the field at the center of a circular coil varies directly with the
current, the measure of the field may be used as a measure of the
current. This will be shown in the following paragraph.

355. Absolute Unit of Current. Since, as has just been seen,
we obtain the intensity of the field at the center of the coil by
adding up the effects produced by each infinitesimal section of
the coil, the field produced by a portion of the coil must be


directly proportional to the length of this portion, or, if this
length be I


If in this expression we make r and I each one centimeter, we


and if / be one dyne, / is

unity, whence we derive at once the definition of the absolute unit
of current as that current, which flowing through one centimeter of
a conductor bent into the arc of a circle whose radius is one centi-
meter, exerts a force of one dyne upon a unit pole placed at the
center of the circle.

If in Fig. 155 the length of the
conductor from a to 6 be one
centimeter and if it be bent into
the arc of a circle of one centi-
meter radius, the current which
flowing through this conductor
exerts a force of one dyne upon
the unit pole at m, has a strength
of one absolute unit.

The absolute unit of current, as will be explained later (Chap.
39), is ten times as great as the practical unit, the ampere, or,
one absolute unit equals ten amperes. Therefore, in applying the
expressions in Pars. 353 and 354, if / be given in amperes, it must
be reduced to absolute units or divided by ten in order that /
should be in dynes.

356. Force Exerted by a Magnetic Field upon a Conductor
Carrying a Current. The force exerted upon a unit pole at m by
the field of ab (Fig. 155) is shown to be


If the strength of the pole be m instead of unity, the force is

._ m.I.l

J ~ ~2



If the current flows as shown in the figure, and if m be a north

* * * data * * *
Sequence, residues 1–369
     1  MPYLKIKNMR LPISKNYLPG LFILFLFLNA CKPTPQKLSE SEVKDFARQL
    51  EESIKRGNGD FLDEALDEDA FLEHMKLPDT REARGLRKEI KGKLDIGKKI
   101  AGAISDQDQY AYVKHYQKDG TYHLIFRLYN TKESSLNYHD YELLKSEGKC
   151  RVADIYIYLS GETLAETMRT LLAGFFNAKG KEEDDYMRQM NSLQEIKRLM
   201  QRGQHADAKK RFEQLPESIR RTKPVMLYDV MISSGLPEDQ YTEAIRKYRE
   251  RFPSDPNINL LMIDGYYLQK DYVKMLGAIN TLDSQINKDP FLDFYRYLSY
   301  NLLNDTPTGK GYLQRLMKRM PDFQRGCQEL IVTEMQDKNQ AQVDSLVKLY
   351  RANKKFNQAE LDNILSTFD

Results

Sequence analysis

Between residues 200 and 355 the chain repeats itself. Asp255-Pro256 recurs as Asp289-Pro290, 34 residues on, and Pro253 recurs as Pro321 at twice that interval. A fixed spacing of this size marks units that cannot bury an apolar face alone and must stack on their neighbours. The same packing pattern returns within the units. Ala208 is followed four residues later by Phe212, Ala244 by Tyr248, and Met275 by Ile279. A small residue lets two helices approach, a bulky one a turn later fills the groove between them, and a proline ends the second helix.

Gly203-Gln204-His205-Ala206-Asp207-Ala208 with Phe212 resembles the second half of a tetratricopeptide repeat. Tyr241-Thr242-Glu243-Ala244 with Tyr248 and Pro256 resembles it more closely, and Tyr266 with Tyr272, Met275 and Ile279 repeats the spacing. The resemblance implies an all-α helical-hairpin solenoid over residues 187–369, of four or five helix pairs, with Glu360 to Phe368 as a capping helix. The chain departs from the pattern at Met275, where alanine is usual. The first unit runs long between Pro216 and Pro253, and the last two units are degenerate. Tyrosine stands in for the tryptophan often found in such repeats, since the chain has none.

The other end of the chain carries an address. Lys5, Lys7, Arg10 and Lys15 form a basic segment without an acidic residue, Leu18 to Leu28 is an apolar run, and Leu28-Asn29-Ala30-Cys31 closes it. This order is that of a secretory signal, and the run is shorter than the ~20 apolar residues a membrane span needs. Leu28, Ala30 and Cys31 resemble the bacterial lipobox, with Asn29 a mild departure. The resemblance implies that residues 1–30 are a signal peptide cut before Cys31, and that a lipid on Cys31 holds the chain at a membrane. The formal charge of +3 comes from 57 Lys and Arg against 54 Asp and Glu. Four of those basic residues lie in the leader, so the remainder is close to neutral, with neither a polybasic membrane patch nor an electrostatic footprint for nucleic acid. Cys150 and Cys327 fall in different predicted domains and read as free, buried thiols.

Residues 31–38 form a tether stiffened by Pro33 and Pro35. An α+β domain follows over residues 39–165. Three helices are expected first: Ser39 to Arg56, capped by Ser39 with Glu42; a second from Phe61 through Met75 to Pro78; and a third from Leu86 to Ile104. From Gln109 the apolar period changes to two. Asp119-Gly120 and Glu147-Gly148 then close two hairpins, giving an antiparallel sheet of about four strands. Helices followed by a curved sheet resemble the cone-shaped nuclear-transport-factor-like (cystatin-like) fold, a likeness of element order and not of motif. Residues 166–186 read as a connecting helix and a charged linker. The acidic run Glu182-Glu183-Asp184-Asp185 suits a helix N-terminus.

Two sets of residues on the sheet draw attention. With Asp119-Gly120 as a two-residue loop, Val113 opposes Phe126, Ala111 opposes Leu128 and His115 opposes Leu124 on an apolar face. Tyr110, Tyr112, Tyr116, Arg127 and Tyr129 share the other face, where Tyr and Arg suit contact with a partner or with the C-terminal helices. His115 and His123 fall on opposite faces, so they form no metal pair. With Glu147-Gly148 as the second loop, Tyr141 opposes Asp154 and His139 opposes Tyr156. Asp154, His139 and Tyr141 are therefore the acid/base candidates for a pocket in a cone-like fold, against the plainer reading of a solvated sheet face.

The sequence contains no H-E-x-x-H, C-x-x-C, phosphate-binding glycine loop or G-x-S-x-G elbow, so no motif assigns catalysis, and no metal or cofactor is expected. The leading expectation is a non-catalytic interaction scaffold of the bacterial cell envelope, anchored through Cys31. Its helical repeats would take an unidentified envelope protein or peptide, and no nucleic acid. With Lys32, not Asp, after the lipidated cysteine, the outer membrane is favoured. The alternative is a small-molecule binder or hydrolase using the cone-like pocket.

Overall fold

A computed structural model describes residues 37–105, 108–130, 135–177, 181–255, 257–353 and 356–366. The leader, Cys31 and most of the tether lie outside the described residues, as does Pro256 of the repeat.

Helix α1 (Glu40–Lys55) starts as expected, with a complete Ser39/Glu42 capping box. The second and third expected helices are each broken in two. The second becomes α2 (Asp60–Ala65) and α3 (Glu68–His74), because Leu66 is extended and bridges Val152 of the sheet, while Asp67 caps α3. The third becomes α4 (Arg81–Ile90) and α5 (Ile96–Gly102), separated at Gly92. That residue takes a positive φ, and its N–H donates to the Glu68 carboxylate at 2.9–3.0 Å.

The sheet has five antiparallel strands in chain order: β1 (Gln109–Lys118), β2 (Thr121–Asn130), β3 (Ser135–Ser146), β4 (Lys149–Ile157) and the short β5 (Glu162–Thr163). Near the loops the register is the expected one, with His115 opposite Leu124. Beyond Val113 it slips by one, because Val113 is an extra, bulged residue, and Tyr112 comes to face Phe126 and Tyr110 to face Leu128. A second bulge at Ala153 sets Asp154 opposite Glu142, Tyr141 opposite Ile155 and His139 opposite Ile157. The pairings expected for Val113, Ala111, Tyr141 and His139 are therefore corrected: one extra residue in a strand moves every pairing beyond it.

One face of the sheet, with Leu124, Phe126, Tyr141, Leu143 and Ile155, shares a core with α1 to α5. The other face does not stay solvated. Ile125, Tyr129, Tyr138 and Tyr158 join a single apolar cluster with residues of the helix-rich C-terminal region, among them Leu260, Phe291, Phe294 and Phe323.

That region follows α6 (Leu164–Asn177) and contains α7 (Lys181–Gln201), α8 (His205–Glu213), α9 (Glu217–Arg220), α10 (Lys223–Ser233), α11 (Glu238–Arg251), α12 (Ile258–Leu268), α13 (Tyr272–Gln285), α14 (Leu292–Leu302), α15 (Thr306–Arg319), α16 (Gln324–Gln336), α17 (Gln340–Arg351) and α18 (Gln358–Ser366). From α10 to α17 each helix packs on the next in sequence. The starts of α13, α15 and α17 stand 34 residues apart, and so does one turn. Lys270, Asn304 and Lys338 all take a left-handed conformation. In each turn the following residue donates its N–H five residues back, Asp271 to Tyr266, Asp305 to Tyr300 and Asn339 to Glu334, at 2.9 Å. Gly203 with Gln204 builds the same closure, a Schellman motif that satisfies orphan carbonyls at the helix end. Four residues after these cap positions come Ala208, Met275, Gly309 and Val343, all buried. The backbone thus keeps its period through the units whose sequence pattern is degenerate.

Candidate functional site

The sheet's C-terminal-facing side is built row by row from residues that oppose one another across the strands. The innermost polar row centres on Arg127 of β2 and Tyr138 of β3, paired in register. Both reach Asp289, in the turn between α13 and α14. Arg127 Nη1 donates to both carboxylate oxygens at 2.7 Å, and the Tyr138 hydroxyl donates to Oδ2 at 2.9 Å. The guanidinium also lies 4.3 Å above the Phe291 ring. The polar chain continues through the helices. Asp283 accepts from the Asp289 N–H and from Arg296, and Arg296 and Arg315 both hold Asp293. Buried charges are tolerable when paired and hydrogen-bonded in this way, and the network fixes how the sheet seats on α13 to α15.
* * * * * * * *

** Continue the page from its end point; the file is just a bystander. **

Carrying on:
pole, this force acts upward. An equal downward force acts


upon ab. In the above expression -y is the field along ab due to
the pole m (Par. 136) and is uniform. Calling this H, we have


or, the force exerted by a

magnetic field upon a 'con due tor carrying a current and at right
angles to the field is proportional to the current, to the intensity
of the field and to the length of the conductor. This force is at
right angles to the field and to the conductor and, as explained
in Par. 355, is expressed in dynes when I is in absolute units.

Fig. 156 represents a cross-section of such a conductor lying
in a field NS. If the current is flowing away from the observer,


Fig. 156.

the lines of force about the wire are clockwise, therefore, on the
upper side of the wire they coincide in direction with those of the
field but on the lower side they are opposite in direction. The
field is therefore distorted as shown, the lines thickening up above
the wire and thinning out below. Since lines of force have a ten-
sion in the direction of their length, or a tendency to shorten, the
result is that the wire is urged downward. Application of the left
hand rule (Par. 352) indicates this downward motion.

357. Work Done in Moving Across a Magnetic Field a Con-
ductor Carrying a Current. From the preceding paragraph, the
force exerted upon a conductor carrying a current and lying at
right angles to the field is I. H.I dynes.


If the conductor be moved at right angles to the field and to its
own length, it will move either against this force or with it. In
the first case, work must be done upon the conductor; in the second
case, work is done by the conductor. In either case, if the dis-
tance moved be x centimeters the work, being force X path, is
W = I.H.l.xergs

But l.x is the area in square centimeters swept over by the con-
ductor in its movement, H is the number of lines of force per square
centimeter (Par. 145), therefore H.l.x is the total number of lines
of force cut by the moving conductor. Placing this equal to N we


W = LNergs

or the work done in mov-
ing across a magnetic field a conductor carrying a current of I
absolute units is equal to the product of the current into the num-
ber of lines of force cut.

358. Work Done in Moving Across a Magnetic Field a Coil
Carrying a Current. This is merely a particular case of the fore-
going but furnishes conceptions which facilitate the application
of the principle in certain deductions which we shall make later on.
Suppose the moving conductor to be in the form of a closed coil
and, for the sake of simplicity, suppose this to be rectangular and
to be moved so that while two sides cross the field at right angles
to the lines of force the other two sides move lengthwise through
the field. Since these latter cut no lines of force they perform no
work. If the field be uniform each of the other two sides performs